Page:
Unless otherwise specified, compounding of LCP compositions in the Examples above with any other component, including glass, was performed in a 28 mm Werner and Pfleiderer twin screw extruder having zones with conventional conveying elements, kneading or mixing elements, and a low pressure zone with venting under vacuum of any volatiles from the polymer melt, a second zone of conveying elements, and a die. As the compounded LCP compositions exited the die, they were quenched with a water spray and cut into pellets with a conventional strand cutter. The extruder barrel and die temperatures were maintained at about 290°-330° C. and 300°-320° C., respectively. Prior to molding, the pellets were dried overnight for about 16 hours in a vacuum oven with nitrogen purge at 100°-130° C. The dried polymer pellets were molded into standard test bars as required per ASTM D638 for determining tensile properties, on either an Arburg molding machine equipped with a 42 gram capacity barrel or an HPM molding machine equipped with a 168 gram capacity barrel, with barrel temperature of 330°-360° C. and injection pressures of 27.6-41.3 MPa.
|Cited Patent||Filing date||Publication date||Applicant||Title|
|US4161470 *||Oct 20, 1977||Jul 17, 1979||Celanese Corporation||Polyester of 6-hydroxy-2-naphthoic acid and para-hydroxy benzoic acid capable of readily undergoing melt processing|
|US4574066 *||Feb 27, 1984||Mar 4, 1986||Celanese Corporation||Process for the expeditious formation of a high strength shaped article of poly(6-oxy-2-naphthoate-4-oxybenzoate)|
|US4742149 *||May 10, 1985||May 3, 1988||Dart Industries, Inc.||Production of melt consistent aromatic polyesters|
|US4943606 *||Aug 26, 1988||Jul 24, 1990||Sumitomo Chemical Company, Limited||Resin composition for printed circuit board|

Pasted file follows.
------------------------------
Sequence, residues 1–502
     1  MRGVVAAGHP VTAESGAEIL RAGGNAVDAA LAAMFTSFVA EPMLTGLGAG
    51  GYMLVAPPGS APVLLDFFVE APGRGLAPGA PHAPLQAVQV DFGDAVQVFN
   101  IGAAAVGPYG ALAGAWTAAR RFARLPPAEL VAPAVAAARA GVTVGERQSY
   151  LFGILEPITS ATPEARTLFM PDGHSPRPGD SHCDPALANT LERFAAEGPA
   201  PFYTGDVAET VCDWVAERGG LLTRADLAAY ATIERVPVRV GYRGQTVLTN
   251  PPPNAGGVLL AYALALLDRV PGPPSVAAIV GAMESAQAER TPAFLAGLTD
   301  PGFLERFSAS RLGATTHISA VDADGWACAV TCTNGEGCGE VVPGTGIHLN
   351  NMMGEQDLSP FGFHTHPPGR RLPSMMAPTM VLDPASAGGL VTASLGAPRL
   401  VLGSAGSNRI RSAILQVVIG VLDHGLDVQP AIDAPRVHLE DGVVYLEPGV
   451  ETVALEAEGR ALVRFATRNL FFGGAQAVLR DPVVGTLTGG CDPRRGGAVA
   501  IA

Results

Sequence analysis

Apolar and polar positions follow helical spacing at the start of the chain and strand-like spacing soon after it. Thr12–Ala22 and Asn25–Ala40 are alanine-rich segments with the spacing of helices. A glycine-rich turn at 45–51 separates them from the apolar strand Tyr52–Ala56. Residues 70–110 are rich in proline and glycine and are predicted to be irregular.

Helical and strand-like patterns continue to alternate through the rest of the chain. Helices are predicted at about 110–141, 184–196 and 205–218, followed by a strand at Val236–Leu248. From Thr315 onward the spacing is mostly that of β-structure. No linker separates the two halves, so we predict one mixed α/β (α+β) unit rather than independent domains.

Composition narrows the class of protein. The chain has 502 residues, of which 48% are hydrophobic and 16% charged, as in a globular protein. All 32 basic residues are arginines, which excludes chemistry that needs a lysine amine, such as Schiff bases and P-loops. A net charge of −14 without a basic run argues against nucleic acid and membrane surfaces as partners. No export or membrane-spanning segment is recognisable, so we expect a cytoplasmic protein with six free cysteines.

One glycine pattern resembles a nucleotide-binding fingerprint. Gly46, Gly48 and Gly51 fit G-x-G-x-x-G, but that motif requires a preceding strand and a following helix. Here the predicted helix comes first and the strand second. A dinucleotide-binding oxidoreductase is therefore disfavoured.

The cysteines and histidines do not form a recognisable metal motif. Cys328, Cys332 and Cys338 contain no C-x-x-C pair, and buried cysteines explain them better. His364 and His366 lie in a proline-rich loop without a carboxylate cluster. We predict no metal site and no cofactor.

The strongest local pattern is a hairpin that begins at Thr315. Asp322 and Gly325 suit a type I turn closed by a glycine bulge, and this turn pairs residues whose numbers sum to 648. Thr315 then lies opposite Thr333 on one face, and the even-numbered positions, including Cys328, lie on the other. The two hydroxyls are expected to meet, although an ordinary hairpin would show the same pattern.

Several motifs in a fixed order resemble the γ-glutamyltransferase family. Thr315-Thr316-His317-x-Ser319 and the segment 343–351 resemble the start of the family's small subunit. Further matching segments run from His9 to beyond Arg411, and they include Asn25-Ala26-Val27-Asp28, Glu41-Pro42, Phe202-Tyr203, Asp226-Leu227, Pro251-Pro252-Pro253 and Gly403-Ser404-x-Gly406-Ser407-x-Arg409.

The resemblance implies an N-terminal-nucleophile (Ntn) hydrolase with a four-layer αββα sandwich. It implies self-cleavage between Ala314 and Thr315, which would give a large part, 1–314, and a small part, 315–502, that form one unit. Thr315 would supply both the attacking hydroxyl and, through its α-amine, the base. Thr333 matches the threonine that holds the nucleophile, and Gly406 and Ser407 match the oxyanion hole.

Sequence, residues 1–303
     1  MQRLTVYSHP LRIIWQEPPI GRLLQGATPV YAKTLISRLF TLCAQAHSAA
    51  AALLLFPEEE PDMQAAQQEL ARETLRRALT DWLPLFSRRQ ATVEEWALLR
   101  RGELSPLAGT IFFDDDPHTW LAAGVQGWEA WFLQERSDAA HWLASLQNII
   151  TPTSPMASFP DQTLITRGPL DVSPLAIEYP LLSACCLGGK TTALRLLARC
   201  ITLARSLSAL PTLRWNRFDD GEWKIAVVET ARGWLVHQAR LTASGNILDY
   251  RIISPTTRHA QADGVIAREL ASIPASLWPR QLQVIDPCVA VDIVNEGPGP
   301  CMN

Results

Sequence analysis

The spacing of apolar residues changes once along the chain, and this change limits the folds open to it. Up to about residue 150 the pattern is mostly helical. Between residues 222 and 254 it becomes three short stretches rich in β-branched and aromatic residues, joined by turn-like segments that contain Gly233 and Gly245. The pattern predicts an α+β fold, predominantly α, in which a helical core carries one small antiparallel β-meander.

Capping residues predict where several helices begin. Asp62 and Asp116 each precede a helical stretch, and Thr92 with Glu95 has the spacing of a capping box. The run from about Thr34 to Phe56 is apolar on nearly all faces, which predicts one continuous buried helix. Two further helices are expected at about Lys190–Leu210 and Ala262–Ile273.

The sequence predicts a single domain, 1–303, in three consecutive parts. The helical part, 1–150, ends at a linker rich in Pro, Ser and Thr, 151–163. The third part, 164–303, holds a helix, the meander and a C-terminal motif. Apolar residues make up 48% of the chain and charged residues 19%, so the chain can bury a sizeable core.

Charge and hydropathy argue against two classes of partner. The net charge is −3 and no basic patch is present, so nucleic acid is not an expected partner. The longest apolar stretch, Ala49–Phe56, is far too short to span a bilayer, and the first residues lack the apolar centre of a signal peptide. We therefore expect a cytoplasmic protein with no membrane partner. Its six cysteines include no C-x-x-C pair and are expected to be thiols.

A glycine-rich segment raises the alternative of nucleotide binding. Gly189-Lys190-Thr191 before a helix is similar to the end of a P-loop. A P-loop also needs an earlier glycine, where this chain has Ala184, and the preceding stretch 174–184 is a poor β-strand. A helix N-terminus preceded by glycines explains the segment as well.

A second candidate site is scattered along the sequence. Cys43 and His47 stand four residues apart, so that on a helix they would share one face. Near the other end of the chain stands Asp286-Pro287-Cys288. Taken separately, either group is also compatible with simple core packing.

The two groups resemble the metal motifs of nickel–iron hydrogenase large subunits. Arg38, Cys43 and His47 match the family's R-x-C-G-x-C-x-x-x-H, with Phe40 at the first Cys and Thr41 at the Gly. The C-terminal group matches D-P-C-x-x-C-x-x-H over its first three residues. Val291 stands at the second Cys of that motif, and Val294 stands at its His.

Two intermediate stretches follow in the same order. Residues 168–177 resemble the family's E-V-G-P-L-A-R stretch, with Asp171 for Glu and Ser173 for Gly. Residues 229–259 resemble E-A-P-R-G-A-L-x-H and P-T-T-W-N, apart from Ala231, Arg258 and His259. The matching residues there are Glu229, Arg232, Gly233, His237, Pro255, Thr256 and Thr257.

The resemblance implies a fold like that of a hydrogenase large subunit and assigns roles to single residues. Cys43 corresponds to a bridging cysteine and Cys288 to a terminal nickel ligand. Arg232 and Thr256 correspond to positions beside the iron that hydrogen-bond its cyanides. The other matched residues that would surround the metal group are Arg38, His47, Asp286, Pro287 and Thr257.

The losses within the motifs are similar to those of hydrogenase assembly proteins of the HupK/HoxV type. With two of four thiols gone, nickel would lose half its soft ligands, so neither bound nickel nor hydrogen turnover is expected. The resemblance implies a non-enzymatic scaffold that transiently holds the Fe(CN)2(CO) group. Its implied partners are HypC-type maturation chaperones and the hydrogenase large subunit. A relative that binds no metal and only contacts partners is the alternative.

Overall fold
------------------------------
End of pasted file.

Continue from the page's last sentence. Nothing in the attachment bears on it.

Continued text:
|US4983688 *||Apr 28, 1989||Jan 8, 1991||Synthetic Products Company||Liquid crystal polymer compositions|
|US5098940 *||Mar 21, 1990||Mar 24, 1992||Amoco Corporation||Crystalline polyphthalamide composition having improved properties|
|US5250654 *||May 4, 1992||Oct 5, 1993||E. I. Du Pont De Nemours And Company||Thermotropic liquid crystalline polyester compositions|
|US5264477 *||Jul 28, 1992||Nov 23, 1993||Hoechst Celanese Corp.||Liquid crystalline polyesters containing metal terephthalate nucleating agents|
|Citing Patent||Filing date||Publication date||Applicant||Title|
|US5679284 *||Jun 11, 1996||Oct 21, 1997||Polyplastics Co., Ltd.||Liquid crystal polyester resin composition|
|US6022491 *||Jan 2, 1997||Feb 8, 2000||E. I. Du Pont De Nemours And Company||Liquid crystalline polymer composition|
|US6802989||Apr 16, 2001||Oct 12, 2004||Kabushiki Kaisha Ueno Seiyaku Oyo Kenkyusho||Liquid crystal polyester resin|
|US7105106 *||Jul 11, 2003||Sep 12, 2006||E. I. Du Pont De Nemour And Company||Liquid crystalline polymers, processes for their manufacture, and articles thereof|
|US7128804 *||Dec 29, 2000||Oct 31, 2006||Lam Research Corporation||Corrosion resistant component of semiconductor processing equipment and method of manufacture thereof|
|US7128847||Jul 10, 2003||Oct 31, 2006||E. I. Du Pont De Nemours And Company||Liquid crystalline polymeric compositions|
|US7605086||Sep 22, 2006||Oct 20, 2009||Lam Research Corporation||Corrosion resistant component of semiconductor processing equipment and method of manufacture thereof|
|US8486841||Sep 14, 2009||Jul 16, 2013||Lam Research Corporation||Corrosion resistant component of semiconductor processing equipment and method of manufacture thereof|
|WO2001004196A1 *||Jul 12, 2000||Jan 18, 2001||Du Pont||Heat resistant liquid crystalline polymer parts|
|WO2004058851A1 *||Dec 16, 2003||Jul 15, 2004||Du Pont||Process for producing a liquid crystalline polymer|
|U.S. Classification||252/299.01, 528/193, 524/396|
|International Classification||C08K3/16, C08L67/00, C08G63/60, C08K5/098, C08K3/20, C08K3/26, C09K19/38, C08K3/00, C08L67/03, C08K3/30|
|Cooperative Classification||C09K19/3809, C09K19/52, C08G63/605, C08K3/0041|
|European Classification||C08K3/00P6, C08G63/60D|
|Jan 24, 1994||AS||Assignment|
Owner name: E. I. DU PONT DE NEMOURS AND COMPANY, DELAWARE
Free format text: ASSIGNMENT OF ASSIGNORS INTEREST;ASSIGNORS:WAGGONER, MARION GLEN;SAMUELS, MICHAEL ROBERT;REEL/FRAME:006833/0629
Effective date: 19930609
|Dec 13, 1994||AS||Assignment|
Owner name: E. I. DU PONT DE NEMOURS AND COMPANY, DELAWARE
Free format text: ASSIGNMENT OF ASSIGNORS INTEREST;ASSIGNOR:ADCOCK, DAVID FREDERICK;REEL/FRAME:007238/0467
Effective date: 19941212
|Aug 27, 1998||FPAY||Fee payment|
Year of fee payment: 4
|Aug 22, 2002||FPAY||Fee payment|
Year of fee payment: 8
|Aug 18, 2006||FPAY||Fee payment|
Year of fee payment: 12
|Mar 15, 2012||AS||Assignment|
Effective date: 20100505
Owner name: TICONA LLC, KENTUCKY
Free format text: ASSIGNMENT OF ASSIGNORS INTEREST;ASSIGNOR:E.I. DU PONT DE NEMOURS AND COMPANY;REEL/FRAME:027869/0001